Surgical complication and postoperative pulmonary function in patients undergoing tumor surgery with thoracic wall resection

Takuma Hayashi, Noriaki Sakakura, Daisuke Ishimura, Eiji Kozawa, Masahiro Yoshida, Yukinori Sakao, Harumoto Yamada, Satoshi Tsukushi

Research output: Contribution to journalArticlepeer-review

9 Citations (Scopus)


Postoperative complications of thoracic wall resection include respiratory complications, skin necrosis and infection. The aim of the present study was to examine postoperative complications in patients who required combined thoracic wall resection during the surgical removal of a tumor. The present study included 68 patients; there were 50 patients with lung tumors and 18 patients with musculoskeletal tumors. The clinical factors associated with complications were compared between the two groups. Preoperative and postoperative pulmonary function tests were performed to examine the residual pulmonary function in 16 patients. Thoracic cage reconstruction was performed in 46 patients. Postoperative complications occurred in 30 (44.1%) patients, and one patient died from postoperative pneumonitis. Compared with the pulmonary function preoperative test results, the postoperative results revealed a decrease in the mean vital capacity percentage and an increase in the mean forced expiratory volume within 1 sec as a percent of the forced vital capacity. In patients with lung tumors, pneumonectomy can result in an increased rate of complications following thoracic wall resection. Residual pulmonary function is affected by impaired thoracic cage expansion and removal of the lung. However, the results of the present study demonstrated that these complications can be somewhat stabilized by thoracic wall reconstruction.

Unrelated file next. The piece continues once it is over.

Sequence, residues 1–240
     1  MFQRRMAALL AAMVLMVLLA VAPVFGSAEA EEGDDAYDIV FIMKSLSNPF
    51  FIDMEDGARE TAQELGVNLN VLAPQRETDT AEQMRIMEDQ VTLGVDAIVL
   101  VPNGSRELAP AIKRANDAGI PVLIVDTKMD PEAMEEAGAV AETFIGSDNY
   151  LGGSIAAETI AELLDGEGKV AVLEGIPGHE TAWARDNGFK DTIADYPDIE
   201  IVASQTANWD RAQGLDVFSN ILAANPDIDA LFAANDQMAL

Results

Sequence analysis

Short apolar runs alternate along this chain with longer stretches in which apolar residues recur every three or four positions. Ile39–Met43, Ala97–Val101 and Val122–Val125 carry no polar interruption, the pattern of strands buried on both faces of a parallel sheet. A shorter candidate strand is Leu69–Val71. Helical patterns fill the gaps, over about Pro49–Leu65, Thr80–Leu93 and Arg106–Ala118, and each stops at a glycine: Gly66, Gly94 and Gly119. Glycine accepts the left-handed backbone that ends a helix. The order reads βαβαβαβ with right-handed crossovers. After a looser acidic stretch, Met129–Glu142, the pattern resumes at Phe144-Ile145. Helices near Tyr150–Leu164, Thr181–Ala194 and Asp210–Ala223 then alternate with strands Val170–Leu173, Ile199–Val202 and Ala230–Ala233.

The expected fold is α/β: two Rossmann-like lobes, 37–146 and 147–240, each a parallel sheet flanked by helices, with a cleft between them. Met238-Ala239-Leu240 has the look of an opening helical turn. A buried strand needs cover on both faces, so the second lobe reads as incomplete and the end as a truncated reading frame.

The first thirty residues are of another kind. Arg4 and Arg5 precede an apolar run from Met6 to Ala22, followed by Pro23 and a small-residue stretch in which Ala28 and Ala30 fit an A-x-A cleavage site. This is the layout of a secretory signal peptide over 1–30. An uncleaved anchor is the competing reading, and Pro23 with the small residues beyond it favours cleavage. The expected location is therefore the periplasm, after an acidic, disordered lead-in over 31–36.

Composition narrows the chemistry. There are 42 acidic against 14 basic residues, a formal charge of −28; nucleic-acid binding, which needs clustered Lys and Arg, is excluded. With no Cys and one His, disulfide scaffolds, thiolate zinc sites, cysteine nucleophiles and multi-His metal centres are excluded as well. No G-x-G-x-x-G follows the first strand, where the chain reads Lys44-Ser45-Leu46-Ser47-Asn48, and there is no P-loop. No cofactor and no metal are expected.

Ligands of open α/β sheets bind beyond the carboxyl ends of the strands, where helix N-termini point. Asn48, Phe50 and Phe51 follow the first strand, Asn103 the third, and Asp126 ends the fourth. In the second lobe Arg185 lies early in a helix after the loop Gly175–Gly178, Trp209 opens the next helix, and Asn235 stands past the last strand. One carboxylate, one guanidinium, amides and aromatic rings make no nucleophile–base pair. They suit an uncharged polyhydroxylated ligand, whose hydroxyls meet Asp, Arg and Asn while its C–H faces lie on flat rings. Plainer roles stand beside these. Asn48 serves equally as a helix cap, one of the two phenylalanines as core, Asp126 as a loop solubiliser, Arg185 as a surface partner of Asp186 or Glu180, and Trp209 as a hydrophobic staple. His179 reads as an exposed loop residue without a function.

Original languageEnglish
Pages (from-to)3446-3456
Number of pages11
JournalOncology Letters
Issue number3
Publication statusPublished - 03-2019

All Science Journal Classification (ASJC) codes

  • Oncology
  • Cancer Research


Dive into the research topics of 'Surgical complication and postoperative pulmonary function in patients undergoing tumor surgery with thoracic wall resection'. Together they form a unique fingerprint.

Cite this